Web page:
Thinking of moving to the valley? Worried about Scorpions? Well don’t worry. Encounters with Scorpion in the developed areas of the valley are rare. The following precautions are appropriate for new developments. Once an area is established, encounters with Scorpions are substantially reduced.
Scorpions are night feeders, and they are attracted to water, swimming pools, and irrigation areas. Scorpions live both outside in wood piles, palm trees, decorative bark, and inside homes or places that are dark and cool. During the day, scorpions seek shelter under loose boards, wood piles, rocks, or the bark of trees. Scorpions also find daytime hiding places in crawl spaces, attics, and closets. They will enter occupied rooms; kitchens may draw them when they are in search of water. They also hide in man-made objects.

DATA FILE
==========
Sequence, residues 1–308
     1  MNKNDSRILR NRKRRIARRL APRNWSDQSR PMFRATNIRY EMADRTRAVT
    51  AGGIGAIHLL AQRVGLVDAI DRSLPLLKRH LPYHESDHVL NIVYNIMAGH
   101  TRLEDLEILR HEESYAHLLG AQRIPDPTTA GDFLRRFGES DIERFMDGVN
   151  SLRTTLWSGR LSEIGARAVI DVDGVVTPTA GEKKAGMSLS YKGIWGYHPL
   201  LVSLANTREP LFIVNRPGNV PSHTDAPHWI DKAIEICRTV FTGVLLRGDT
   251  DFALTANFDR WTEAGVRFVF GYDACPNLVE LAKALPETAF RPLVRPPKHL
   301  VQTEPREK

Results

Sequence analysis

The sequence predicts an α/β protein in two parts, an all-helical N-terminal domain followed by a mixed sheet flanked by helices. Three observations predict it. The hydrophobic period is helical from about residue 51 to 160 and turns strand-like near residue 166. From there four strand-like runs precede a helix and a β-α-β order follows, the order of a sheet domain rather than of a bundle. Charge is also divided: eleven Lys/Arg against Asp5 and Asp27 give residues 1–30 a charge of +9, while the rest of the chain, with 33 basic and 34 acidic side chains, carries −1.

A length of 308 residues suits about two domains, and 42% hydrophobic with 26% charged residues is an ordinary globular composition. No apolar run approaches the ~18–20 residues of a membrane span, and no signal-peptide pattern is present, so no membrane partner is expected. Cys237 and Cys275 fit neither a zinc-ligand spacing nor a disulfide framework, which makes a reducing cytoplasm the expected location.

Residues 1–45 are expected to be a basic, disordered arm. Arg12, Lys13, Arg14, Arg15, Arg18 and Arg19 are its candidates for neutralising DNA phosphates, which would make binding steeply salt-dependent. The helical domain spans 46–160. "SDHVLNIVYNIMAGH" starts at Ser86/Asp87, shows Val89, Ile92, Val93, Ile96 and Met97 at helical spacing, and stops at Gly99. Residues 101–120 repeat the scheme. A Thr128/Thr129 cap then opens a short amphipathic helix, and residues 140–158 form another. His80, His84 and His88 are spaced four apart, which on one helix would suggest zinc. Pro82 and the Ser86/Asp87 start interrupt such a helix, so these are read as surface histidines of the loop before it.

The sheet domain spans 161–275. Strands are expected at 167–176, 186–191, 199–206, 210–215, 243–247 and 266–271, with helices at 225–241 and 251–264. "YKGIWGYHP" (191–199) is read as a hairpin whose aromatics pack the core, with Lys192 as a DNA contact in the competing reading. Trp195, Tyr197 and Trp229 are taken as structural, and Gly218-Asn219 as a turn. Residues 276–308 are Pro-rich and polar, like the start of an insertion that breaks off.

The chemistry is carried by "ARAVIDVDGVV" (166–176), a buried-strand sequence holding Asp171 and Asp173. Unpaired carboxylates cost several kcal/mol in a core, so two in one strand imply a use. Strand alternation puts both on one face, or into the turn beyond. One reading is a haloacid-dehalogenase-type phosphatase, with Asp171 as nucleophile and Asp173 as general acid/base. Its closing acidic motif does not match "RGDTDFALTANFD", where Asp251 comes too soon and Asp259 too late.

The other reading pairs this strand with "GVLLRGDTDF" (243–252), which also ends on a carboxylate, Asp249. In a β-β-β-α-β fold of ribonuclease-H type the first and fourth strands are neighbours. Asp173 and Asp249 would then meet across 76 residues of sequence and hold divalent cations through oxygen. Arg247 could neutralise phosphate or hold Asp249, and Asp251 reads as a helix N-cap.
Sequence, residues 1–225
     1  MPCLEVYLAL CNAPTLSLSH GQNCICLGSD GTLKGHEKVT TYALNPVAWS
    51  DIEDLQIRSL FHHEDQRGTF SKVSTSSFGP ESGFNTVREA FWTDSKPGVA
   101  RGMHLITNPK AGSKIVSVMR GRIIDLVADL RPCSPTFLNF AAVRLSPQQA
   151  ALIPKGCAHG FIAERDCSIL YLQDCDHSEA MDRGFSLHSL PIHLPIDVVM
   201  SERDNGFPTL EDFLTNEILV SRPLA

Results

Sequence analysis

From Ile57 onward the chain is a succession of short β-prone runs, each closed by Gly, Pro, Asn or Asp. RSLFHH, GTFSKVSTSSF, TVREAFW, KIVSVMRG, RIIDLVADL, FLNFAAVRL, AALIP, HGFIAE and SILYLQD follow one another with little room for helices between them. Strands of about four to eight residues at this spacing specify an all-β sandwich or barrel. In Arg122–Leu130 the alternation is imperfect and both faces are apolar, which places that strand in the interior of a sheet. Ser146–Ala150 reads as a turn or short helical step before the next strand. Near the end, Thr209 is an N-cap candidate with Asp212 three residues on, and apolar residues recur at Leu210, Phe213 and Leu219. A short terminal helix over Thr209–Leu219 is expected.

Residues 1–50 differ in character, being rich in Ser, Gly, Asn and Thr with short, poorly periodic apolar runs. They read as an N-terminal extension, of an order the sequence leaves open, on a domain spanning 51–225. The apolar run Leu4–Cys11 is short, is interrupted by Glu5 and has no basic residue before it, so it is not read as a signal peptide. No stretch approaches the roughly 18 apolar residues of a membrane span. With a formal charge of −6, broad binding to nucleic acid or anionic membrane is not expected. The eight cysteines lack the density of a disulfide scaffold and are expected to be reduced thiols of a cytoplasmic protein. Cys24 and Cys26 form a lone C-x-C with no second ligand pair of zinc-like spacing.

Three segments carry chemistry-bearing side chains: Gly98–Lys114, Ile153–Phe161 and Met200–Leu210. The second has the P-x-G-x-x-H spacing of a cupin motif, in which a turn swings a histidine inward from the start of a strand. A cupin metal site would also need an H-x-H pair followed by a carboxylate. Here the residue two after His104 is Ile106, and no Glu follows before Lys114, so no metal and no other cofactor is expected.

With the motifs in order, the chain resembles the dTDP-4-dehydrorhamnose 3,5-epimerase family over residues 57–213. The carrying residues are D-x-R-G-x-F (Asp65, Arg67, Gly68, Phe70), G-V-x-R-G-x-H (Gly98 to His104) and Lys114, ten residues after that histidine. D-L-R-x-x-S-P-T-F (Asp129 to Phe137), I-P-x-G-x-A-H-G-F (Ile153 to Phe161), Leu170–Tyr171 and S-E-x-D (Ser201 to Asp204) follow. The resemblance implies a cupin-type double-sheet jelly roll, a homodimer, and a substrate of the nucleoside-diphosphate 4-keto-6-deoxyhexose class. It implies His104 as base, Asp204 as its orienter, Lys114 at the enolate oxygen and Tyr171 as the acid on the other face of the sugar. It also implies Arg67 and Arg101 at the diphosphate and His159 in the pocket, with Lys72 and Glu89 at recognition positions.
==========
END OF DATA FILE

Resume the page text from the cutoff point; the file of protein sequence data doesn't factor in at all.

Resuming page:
Openings around plumbing fixtures, loose fitting doors and windows and cracks in foundations and walls allow easy access. Exterior lighting that is less attractive to insects is recommended in areas of the valley were scorpions are prevalent.
Do not leave shoes, boots, clothing items, and, especially, wet towels, outdoors where scorpions can hide.Shake all clothing and shoes before putting them on. Wear gloves when working in the yard. Wear shoes outdoors, especially during the evening hours.
Giant Desert Hairy Scorpion
Is a large species between 5 and 6 inches long. It possesses a black cephalothorax, with each segment being rimmed in pale yellow. Its under surface is pale, with erect brown hair covering much of its body. The Giant Desert Hairy Scorpion ranges throughout all of the southwestern deserts of the U.S. and is the largest of the 9 species in the United States.
The bark scorpion is about two inches long, and its common name reflects its habit of resting on the underside of wood pieces. The sting of this scorpion can be fatal. There is now an antivenin available.